Although Farquhar says it remains slightly more difficult to start a company in Australia than it is in the US, he believes this adds to the attraction for international investors as it makes the local IT industry a little tougher and more creative than some US-based counterparts.
And while much is made of the rapid product development cycles associated with the current generation of software and web-based businesses, young technology entrepreneurs are also creating a rapid feedback loop within the angel investment space. Rather than waiting until they have exited their first venture, many of the young rich IT entrepreneurs on BRW’s list are already funding and mentoring newly formed ventures.
Many of these tech entrepreneurs are channelling their resources and skills through an organisation called Startmate, which provides a small amount of start-up cash and a lot of advice to turn wantrapreneurs’ ideas into fully fledged profitable businesses.
After living in New York and founding an online real estate agent information site called www.homethinking.com, Niki Scevak returned to Australia in 2010 and began to draw together successful technology entrepreneurs with the view to creating a tech incubator.
Startmate, invests $25,000 in newly formed tech companies and leads the founders through a structured entrepreneurship program. It features a number of the young rich and contenders among its mentors.
There is also a vibrant tech entrepreneur networking group called Silicon Bay that meets on Friday evenings in the Grace Hotel in Sydney and an innovative incubator called Pollenizer, which takes businesses from the back of an envelope to so-called “ramen profitability”, where the business is making enough to support its founders, even though they are living on ramen noodles.
And it’s not just software companies that are benefiting from previous successes. Bevan Slattery made his fortune building an undersea fibre cable to connect Australia with the Pacific data interconnection point on the island of Guam and has subsequently reinvested in the construction of data centres through a company called NEXTDC. His business partner in the PIPE Networks cable project, Stephen Baxter, has taken a place on the board of newly listed telecommunications company Vocus.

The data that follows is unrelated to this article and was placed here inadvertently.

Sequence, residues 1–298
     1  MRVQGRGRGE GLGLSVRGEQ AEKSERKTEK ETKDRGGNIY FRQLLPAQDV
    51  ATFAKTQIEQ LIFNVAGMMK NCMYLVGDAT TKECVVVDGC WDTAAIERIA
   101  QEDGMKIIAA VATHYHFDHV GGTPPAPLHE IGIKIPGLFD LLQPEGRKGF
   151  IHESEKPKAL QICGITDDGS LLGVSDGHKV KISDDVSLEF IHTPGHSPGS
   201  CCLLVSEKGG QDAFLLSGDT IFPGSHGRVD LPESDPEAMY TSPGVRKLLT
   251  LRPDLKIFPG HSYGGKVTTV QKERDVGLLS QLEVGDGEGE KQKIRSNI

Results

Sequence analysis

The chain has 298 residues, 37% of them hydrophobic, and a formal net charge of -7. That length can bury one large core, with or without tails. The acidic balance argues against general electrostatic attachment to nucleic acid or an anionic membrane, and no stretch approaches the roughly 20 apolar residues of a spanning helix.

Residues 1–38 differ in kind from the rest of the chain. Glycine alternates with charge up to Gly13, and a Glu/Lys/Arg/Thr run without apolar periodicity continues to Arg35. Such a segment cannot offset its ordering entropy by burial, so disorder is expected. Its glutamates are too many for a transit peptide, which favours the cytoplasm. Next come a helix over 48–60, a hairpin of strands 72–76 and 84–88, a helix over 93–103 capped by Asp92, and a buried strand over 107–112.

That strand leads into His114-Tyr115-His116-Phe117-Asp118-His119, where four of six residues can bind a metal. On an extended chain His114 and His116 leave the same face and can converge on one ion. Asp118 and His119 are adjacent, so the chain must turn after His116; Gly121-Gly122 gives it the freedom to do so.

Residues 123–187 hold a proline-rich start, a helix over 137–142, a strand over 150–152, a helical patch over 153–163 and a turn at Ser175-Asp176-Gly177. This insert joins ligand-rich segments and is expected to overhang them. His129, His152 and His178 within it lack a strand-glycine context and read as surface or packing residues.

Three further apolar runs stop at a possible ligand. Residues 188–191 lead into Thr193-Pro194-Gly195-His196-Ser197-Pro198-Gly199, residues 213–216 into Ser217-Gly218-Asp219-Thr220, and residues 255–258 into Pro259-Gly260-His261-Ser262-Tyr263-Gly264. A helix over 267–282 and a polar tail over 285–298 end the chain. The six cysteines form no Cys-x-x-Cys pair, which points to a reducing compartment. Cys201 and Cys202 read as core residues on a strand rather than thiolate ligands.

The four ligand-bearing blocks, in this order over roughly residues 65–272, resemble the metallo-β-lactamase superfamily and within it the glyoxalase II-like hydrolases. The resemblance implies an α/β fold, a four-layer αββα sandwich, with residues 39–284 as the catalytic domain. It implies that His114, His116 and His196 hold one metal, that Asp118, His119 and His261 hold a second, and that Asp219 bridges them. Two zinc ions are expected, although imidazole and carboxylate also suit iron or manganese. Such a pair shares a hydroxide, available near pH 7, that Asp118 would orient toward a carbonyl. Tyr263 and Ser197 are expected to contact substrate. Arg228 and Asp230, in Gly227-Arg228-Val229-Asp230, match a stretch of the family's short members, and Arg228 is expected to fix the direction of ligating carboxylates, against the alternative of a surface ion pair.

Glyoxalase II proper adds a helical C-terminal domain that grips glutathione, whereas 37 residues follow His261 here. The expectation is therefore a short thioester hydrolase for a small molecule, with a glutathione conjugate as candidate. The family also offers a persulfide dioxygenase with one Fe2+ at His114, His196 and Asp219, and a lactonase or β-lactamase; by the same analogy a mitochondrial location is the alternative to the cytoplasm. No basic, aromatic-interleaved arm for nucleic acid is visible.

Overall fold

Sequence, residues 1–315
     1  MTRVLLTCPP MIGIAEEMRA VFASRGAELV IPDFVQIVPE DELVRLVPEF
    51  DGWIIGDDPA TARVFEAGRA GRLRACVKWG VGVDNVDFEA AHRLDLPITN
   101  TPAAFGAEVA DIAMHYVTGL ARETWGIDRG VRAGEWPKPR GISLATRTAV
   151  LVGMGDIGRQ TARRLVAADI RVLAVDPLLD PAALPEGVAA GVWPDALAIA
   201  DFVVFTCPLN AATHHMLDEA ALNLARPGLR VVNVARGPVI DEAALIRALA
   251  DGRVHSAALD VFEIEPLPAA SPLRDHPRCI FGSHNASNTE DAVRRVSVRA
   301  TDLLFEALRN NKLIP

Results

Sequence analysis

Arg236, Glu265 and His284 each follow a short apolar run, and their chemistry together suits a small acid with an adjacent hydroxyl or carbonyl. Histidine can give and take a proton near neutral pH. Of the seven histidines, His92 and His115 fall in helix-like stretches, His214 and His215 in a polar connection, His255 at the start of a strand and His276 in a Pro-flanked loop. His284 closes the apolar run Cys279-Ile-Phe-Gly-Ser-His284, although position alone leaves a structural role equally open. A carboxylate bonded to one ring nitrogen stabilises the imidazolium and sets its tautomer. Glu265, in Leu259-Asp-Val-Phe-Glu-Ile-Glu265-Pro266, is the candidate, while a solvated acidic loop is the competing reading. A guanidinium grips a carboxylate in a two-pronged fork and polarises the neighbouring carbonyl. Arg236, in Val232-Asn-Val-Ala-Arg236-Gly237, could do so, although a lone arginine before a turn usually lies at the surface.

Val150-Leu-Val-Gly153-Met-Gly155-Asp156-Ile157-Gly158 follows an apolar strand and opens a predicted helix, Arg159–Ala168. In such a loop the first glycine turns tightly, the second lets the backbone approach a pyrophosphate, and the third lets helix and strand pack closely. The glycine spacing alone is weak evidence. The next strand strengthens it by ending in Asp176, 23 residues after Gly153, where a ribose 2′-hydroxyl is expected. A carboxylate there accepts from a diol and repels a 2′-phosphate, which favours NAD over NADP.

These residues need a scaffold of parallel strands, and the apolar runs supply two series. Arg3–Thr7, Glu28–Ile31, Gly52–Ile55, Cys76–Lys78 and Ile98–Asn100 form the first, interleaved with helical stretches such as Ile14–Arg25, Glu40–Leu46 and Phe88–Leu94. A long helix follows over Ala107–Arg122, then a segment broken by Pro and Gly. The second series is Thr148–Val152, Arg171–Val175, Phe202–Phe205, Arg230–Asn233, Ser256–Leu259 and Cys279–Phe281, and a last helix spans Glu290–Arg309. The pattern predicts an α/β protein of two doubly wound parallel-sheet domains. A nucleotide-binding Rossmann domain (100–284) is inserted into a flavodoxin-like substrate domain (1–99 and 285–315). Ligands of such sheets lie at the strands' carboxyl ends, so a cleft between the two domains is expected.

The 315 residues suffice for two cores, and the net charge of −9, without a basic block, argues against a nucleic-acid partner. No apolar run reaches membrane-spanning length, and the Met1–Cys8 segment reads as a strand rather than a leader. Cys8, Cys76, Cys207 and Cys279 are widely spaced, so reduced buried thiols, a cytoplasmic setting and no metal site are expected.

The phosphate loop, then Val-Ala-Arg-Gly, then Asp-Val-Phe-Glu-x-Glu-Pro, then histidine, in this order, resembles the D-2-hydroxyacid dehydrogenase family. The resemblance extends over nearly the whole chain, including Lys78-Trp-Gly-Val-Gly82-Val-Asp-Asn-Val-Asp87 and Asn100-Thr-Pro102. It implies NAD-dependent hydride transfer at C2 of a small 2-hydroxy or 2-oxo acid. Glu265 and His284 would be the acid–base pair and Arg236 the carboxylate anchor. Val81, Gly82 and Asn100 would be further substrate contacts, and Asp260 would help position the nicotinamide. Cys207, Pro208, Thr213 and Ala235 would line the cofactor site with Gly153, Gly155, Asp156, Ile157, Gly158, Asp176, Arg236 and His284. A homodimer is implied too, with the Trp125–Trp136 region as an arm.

IT industry veteran, Young Rich contender and BRW Entrepreneur of the Year Matt Barrie says there is a huge amount of entrepreneurial activity being generated within the IT sector. Seventeen of the engineers he worked with in his previous business, Sensory Networks, have gone on to found their own companies and some are even onto their second start-up.
And although he says the propensity of entrepreneurs within the IT sector to share their skills and knowledge is having an impact, he suggests that the main driver behind the flurry of entrepreneurial activity is the dramatic reduction in the costs associated with starting and testing a web-based business.
“The reason so many people have suddenly become investors is that it is now so cheap to start a technology company but that doesn’t mean they all grow to the point where they will become sustainable in the longer term,” Barrie warns. “A lot of these deals will flame out horribly down the track when they are looking for their next stage of investment.”
He nonetheless recognises that the culture producing the ideas and the willingness to have a go will also create some of the largest and most successful companies of the 21st century. It is these companies that will go on to propel today’s young rich entrepreneurs into the BRW Rich 200 lists of the future.